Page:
If You Liked 'Breaking Bad,' You'll Love 'An Ordinary Woman'
Thirteen years ago, “Breaking Bad” changed the game for serial dramas and became the defining example of TV’s golden era. The premise was irresistible: when Walter White, a suburban dad and mild-mannered high school chemistry teacher, learns he has terminal cancer, he decides to make as much money as possible for his family by taking on the crystal meth business. But the real draw of the show is Walter’s unthinkable transformation over its five seasons, which looks something like Ned Flanders to Tony Montana. Now picture a female, Russian version of Walter White, who runs an illegal empire of her own. If you miss following Walter on his journey in crime, you’ll want to meet Marina, “an ordinary woman.”
Let’s be honest: the dichotomy of ordinary suburbanite and kingpin of the criminal underworld existing in one person will never cease to fascinate and captivate. And it’s even more alluring—and comforting—to know that these characters live beyond American TV.
“An Ordinary Woman” follows Marina, who lives a seemingly normal, perfectly manicured suburban life in Moscow. She’s a loving wife and mother who runs a flower shop, or so her husband and daughters think. In reality, she’s using her shop as a front for a lucrative high-end escort business she’s built from the ground up. Like Walter, Marina never intended to enter a life of crime, but was pushed into it by difficult circumstances. Her husband’s a surgeon, her daughters go to decent schools—she’s an upstanding citizen. Until she isn’t. And, like Walter, she discovers an inherent knack for criminal enterprise.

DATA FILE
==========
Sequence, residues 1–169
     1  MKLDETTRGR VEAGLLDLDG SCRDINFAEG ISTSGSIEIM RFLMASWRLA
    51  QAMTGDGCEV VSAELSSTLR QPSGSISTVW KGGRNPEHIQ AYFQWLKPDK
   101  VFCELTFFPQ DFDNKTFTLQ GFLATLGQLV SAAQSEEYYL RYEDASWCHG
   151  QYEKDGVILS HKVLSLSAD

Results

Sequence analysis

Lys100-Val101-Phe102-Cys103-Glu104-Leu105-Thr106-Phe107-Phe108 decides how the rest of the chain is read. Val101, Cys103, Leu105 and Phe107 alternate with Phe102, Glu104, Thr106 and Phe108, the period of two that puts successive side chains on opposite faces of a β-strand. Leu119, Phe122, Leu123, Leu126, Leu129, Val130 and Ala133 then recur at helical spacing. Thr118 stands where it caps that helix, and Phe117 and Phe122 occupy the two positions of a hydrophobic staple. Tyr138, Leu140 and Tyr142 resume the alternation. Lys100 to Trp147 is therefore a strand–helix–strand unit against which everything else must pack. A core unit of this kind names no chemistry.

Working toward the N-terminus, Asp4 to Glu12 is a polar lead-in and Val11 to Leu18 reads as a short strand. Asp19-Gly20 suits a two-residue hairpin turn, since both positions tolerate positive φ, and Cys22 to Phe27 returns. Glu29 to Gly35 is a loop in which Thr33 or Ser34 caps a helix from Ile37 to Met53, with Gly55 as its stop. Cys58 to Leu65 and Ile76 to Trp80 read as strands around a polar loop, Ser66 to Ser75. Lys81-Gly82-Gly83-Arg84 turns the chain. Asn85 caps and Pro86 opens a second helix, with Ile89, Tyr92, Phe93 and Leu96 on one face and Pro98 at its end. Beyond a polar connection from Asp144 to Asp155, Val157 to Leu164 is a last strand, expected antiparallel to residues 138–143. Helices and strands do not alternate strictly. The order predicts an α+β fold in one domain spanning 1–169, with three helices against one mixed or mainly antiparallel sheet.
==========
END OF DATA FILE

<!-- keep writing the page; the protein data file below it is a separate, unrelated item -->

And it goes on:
In fact, the strength of “An Ordinary Woman” is watching Marina, who is also many months pregnant, use her instincts and innate cunningness to get out of precarious situations. Reminiscent of Walter in the earlier seasons, she’s clearly still learning the ropes and her navigation of her double life can be described as fumbling at best. When one of her sex workers is found dead, her criminal instincts will be tested again and again as she’s met with a flood of never-ending predicaments, starting with getting rid of the body. (You think you’ve seen it all until you watch a very pregnant woman try to move a corpse-stuffed mattress.) We know what she’s doing is objectively wrong, but we root for Marina nonetheless.
That’s the appeal of both “Breaking Bad” and “An Ordinary Woman”—we may not be able to relate with their criminal activities, but we relate to why they’ve resorted to them. We relate to their struggles. Walter works a low-paying job as a high school teacher, his wife is expecting, and now he’s got inoperable lung cancer. Can you really blame him for mutinying against his own life?
Marina was similarly at the end of her rope, and she’s also driven by desperation to help her family when she turns to extreme measures. After witnessing their friends get struck and killed by a driver, Marina and her husband, Artyom, are coerced into a police cover-up that strips him of his job and pushes them to the brink of financial ruin. As the series begins, we learn right away that her husband is unfaithful. Her mother-in-law is overbearing. Her daughters are criminals in the making. We feel for her. So if she wants to make an illegal fortune as a madam, we don’t judge; we cheer.
By the end of season one, Marina’s transformation from suburban mom and wife into criminal mastermind brings her to her most difficult predicament yet. By this point, you will be fully behind her—you might even hope she surpasses Heisenberg in ruthlessness. If Walter White left a void in the TV landscape for morally compromised, but relatable antiheroes, then Marina picks up the torch deservingly. Plus, we love seeing more women inhabit this particular throne (à la “Good Girls” and “Weeds”), even if it’s an ordinary one.